Academic journal article The Hastings Center Report

The Capitol Shooting

Academic journal article The Hastings Center Report

The Capitol Shooting

Article excerpt

No Reflex Legislation, No Long-Term Solution

In the quiet heat of a summer day in Washington, Russell Weston walked into a visitors entrance in the Capitol, pulled out a gun and killed two policemen. Weston was a loner, a man with a history of schizophrenia. His victims were likable men doing their job, protecting the heart of the U.S. government. The media coverage of the shooting was intense and the ceremonies held to honor the slain men moving. The men received heroes' burials.

One might expect in the aftermath of the shooting that congressional representatives who knew the slain officers, and who could themselves have been shot, would come up with a quick and bad legislative solution. It's easy enough to demand that all the crazies be rounded up and locked away. Yet so far all that has happened in Washington is that security has been tightened on Capitol Hill.

It may be a sign that Washington and the American public are beginning to be less frightened by mental illness, and more knowledgeable about it.

Part of the credit for the muted reaction goes to Weston's parents, two homespun people straight out of middle America. They admitted that they knew little about mental illness and did much to prevent their son from being demonized. They made themselves available to the media, sharing their anguish and heartache. They apologized for their son's actions and talked about their frustration trying to see him through his illness. The parents had long known that their son had a problem. They just didn't know what to do. With Weston unavailable to the media, and with such sympathetic parents, there was no one to blame for the shootings.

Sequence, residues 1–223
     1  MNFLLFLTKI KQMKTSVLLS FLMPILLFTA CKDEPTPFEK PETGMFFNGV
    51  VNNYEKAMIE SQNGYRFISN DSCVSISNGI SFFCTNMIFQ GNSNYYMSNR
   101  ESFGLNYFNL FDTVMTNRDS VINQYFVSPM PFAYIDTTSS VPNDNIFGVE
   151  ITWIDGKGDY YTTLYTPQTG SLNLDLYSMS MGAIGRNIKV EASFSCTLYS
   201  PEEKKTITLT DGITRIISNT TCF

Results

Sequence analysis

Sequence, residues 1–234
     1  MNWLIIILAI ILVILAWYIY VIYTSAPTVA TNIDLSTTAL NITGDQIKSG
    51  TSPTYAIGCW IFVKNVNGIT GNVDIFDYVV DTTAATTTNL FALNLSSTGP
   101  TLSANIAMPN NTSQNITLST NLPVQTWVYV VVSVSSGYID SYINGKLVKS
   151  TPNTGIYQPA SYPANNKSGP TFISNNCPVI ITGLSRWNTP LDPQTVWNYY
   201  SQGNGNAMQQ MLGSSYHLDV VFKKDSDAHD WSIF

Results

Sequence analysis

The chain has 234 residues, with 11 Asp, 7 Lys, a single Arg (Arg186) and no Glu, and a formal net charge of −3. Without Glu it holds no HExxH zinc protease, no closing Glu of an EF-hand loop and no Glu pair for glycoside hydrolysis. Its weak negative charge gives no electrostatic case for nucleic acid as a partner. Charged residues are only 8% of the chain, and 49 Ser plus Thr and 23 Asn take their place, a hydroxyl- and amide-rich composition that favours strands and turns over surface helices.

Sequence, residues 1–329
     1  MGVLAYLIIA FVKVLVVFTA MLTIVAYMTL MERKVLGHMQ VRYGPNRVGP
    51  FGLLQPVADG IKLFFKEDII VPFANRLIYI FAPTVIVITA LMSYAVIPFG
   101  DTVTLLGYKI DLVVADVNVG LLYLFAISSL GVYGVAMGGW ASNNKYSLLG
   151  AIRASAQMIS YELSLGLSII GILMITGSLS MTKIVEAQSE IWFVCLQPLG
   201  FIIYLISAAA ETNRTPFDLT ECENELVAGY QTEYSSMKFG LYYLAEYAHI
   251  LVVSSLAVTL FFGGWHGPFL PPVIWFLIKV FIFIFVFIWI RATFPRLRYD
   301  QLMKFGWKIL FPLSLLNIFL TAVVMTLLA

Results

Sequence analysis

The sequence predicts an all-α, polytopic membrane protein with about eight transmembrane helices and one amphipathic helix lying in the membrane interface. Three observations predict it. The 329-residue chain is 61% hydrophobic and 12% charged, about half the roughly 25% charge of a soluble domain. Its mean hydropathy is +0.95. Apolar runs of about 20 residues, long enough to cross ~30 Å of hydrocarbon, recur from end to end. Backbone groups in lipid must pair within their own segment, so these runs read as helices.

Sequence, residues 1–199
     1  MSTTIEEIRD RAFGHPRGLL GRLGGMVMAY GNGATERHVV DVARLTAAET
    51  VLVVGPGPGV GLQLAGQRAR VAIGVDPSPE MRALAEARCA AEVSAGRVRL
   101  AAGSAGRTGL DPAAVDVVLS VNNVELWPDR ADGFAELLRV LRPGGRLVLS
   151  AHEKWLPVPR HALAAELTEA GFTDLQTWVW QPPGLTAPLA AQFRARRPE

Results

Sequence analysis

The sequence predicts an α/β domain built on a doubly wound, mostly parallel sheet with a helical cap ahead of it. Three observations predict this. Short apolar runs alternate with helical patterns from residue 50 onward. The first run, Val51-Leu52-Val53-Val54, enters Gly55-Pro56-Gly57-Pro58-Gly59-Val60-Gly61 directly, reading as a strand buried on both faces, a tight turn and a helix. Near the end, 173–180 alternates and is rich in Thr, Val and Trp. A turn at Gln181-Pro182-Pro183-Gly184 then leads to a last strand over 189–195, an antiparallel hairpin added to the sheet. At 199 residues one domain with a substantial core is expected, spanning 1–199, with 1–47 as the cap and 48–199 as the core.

Weston's story was interpreted and told by a media already primed to take a more sober look at violence among the mentally ill. In May, a study published in The Archives of General Psychiatry showed that mentally ill people are no more prone to violence than others, with the exception of mentally ill people who are also substance abusers. Mental illness advocacy groups, including the National Alliance for the Mentally Ill (NAMI), had gone to great lengths to see that the study was well publicized, issuing statements and calling up reporters. Thus when Weston started shooting in July and reporters started looking for a take on the story, the Archives study was fresh in their minds.

After the shootings NAMI and other mental health advocates were quick to contact reporters and write letters to the editors setting out their view of the incident--the shootings were certainly a tragedy, but such incidents are extremely rare. …

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